Complete Croatian by David Norris has been our primary tool for learning Croatian!

Travel and Adventure

In addition to traveling to major Balkan cities like Sarajevo, Sofia, and Athens, we aim to hike the tallest peak in each country:

  • Musala, Bulgaria
  • Olympus, Greece
  • Mount Korab, Albania and North Macedonia (two-fer!)
  • Midžor, Serbia
  • Đeravica, Kosovo
  • Maglić, Bosnia and Herzegovina
  • Bobotov Kuk, Montenegro (not technically, the tallest, but within one meter of being the tallest!)
  • Dinara, Croatia
  • Moldoveanu, Romania

Shew! That’s a list that will keep us busy for a while! Last summer we hiked Triglav in Slovenia. That’s: one down, nine to go!

Rose coming up the final stretch near the summit of Triglav

We also signed up for two trail races in the first few months we’re in Croatia:

  • Dalmatia Ultra Trail – 18 KM right near Split, Croatia, and
  • Pirin Extreme 38K in Bansko, Bulgaria where we get to do this:
Running along a Via ferrata

Next Steps

We have lots of exciting stuff coming up! We have lots to do before we go.

Our Boulder House

Our house is already rented out on AirBnB and we have the cleaning, turn-over, and day-to-day maintenance of the process automated. This is thanks to our wonderful co-host Aubrey!

If we decide to stay abroad for a longer period of time, we may need to convert our house to a long term rental. This would involve setting up the house with a property management company and briefly returning to do some cleanup around the house.


In general, traveling with a small pet to Europe is not prohibitively difficult. She needs a USDA certification stating she’s clear of infectious diseases and is up to date on her rabies vaccine. We have that appointment for that a week before we head out.

If all goes well there, we put her in a small pet carrier and she travels under the seat in front of me to Croatia!


It’s no secret that healthcare is absurdly expensive in the US. For $42 per person per month from SafetyWing, we can get both travel and medical insurance with a $250 deductible! That’s about 10% of what we pay for $1,000 deductible here in the States.

According to Expat In Croatia, a doctor’s visit in Croatia will run you between $30 and $70 per visit out of pocket – depending on what you’re being seen for. The price of same visit in the states will vary widely depending on what the doctor you see, what your doctor bills you for, and other obscure factors like your insurance company’s pre-negotiated prices for different procedures. You likely won’t even know how much you owe until months later when you get the bill in the mail!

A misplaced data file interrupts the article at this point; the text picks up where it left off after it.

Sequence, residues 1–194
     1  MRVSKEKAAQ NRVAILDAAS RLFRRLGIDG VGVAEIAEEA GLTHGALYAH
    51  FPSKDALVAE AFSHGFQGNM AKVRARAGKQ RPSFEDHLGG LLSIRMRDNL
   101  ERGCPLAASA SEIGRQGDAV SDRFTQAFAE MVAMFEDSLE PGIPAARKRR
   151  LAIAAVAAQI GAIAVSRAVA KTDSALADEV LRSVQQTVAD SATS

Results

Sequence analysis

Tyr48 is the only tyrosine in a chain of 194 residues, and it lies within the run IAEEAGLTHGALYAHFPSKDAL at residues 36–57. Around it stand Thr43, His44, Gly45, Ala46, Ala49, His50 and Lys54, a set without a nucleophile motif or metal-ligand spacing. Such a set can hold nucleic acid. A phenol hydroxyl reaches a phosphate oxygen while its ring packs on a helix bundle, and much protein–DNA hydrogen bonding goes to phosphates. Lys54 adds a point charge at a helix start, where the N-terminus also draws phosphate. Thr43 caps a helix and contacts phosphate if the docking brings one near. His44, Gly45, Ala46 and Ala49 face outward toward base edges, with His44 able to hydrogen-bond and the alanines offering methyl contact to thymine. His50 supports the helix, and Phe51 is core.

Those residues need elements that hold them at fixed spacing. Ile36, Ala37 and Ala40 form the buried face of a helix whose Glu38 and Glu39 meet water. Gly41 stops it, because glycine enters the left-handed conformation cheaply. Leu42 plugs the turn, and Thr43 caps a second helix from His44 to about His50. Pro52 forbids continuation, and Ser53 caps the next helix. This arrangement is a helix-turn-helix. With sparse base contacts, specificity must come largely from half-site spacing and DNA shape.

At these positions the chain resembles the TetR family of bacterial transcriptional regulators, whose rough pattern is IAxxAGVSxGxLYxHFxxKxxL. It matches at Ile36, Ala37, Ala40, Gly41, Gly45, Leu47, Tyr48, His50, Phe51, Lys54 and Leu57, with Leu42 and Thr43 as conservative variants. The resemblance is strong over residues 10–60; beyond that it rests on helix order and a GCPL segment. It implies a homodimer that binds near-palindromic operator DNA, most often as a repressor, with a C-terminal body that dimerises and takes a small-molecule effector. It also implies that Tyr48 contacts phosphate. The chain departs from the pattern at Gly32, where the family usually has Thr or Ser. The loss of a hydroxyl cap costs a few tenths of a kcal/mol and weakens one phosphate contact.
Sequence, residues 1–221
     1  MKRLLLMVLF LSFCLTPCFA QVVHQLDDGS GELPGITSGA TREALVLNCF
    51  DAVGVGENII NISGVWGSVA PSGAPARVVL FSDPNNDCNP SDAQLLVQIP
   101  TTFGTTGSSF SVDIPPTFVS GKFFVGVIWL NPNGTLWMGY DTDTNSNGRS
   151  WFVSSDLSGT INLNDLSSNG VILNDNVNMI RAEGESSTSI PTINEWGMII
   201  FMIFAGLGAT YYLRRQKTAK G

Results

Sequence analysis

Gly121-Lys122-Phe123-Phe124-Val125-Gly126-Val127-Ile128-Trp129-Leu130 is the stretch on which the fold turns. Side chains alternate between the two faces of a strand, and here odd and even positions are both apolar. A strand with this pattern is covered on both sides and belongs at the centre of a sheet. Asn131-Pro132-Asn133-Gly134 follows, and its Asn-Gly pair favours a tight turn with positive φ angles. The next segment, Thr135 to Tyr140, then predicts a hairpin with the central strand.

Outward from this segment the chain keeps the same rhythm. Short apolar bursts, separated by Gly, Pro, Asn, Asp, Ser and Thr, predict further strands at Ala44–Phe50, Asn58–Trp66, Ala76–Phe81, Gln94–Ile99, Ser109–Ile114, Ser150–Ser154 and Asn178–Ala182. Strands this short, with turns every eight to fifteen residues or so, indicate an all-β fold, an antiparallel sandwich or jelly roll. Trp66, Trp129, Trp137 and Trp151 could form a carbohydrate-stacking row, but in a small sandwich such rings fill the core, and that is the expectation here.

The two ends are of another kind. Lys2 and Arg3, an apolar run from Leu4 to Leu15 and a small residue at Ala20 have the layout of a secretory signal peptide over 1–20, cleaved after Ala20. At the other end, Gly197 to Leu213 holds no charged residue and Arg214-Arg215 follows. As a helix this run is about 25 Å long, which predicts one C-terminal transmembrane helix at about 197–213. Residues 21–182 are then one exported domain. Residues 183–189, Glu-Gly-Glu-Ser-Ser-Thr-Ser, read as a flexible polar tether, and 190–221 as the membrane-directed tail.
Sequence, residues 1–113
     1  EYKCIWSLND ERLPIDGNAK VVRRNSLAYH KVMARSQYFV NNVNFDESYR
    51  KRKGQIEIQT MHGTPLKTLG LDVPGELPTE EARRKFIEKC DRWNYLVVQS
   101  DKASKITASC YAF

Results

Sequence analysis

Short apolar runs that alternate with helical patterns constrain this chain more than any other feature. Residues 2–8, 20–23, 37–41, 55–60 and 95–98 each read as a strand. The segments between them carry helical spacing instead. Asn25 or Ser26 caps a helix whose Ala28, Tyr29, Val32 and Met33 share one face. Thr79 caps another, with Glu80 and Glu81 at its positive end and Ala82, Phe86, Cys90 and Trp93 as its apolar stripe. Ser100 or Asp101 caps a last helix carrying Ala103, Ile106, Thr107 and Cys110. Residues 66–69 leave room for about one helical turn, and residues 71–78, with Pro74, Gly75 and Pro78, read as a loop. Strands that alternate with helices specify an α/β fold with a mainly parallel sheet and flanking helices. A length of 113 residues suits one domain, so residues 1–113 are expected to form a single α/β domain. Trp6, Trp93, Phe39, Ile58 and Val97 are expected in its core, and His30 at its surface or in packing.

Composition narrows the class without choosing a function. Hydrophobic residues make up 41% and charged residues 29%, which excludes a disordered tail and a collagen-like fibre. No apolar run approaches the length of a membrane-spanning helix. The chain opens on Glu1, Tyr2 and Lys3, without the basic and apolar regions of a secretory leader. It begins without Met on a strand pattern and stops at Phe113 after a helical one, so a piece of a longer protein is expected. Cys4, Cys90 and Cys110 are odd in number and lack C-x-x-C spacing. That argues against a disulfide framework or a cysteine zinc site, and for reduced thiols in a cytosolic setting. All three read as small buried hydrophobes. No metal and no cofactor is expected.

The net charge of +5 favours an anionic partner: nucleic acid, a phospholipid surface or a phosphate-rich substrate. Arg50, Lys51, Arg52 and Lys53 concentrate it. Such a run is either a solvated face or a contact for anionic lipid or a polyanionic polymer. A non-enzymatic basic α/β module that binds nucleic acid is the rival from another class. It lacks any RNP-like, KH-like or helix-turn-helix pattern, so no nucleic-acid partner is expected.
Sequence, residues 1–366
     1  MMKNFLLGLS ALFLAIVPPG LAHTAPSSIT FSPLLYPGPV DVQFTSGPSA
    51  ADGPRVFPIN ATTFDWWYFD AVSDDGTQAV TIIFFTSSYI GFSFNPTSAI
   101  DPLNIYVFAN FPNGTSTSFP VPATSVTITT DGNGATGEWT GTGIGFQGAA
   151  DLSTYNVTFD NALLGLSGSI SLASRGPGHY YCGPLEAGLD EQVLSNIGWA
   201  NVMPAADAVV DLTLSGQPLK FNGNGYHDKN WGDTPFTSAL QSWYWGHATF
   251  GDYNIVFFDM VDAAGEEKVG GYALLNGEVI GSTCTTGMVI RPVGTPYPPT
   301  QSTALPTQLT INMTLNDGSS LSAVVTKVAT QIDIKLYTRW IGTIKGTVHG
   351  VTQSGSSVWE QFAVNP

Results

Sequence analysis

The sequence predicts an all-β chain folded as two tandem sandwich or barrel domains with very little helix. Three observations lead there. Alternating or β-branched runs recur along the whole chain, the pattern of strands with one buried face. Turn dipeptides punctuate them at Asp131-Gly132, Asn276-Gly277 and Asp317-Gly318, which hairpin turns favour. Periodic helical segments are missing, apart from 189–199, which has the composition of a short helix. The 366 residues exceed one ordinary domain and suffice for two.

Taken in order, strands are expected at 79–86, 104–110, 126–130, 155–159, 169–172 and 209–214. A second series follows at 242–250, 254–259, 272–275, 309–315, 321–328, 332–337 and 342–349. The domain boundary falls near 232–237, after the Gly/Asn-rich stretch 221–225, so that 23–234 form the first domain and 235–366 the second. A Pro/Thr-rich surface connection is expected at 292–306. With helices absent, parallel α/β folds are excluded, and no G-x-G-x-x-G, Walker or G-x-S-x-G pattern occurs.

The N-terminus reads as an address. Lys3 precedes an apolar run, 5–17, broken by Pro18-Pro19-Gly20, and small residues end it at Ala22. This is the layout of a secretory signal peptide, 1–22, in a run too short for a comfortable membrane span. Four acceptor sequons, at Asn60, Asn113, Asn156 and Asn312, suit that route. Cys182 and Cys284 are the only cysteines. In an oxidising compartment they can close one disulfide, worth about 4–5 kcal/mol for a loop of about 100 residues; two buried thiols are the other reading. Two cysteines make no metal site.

Anecdotally, I went to a sports-medicine doctor in one of the most expensive cities in Germany (Wiesbaden) for an MRI in 2015. The MRI cost me 251 Euro and the consult with the physician cost me 17 Euro (for a combined total of about $283 USD total). I’ve heard stories about MRI’s and the resulting consults in the US costing well into the thousands of dollars.

We’re excited to join the rest of the first world in having more moderate healthcare costs!

Before we go, we need to determine which international healthcare plan we will go with.


The US Postal Service can hold your mail for 90 days and/or take pictures of the front of envelopes/packages that are being delivered. This works when you’re only planning on being away for a few weeks.

When you’re planning to be away for a few months or longer, you need a virtual mailbox service. You set up mail-forwarding and fill out a form and the service will open your mail for you, scan it, and optionally forward you mail and packages you receive.

Right now, we’re looking at Anytime Mailbox and will report back with the company/option we’ve selected.


We are super excited to be relocating to Croatia! We’re also looking forward to the rest of the summer here in Boulder and being with family and friends before we leave.

We’ve intentionally left our return date open-ended. If we feel we are thriving in Europe, we could stay for many months or many years. If we are home sick after just a few months, we can return then as well. We consider either outcome a success and plan to enjoy the adventure, culture, and people we meet along the way!

sunset in Piran, Slovenia
Rose and I in Piran, Slovenia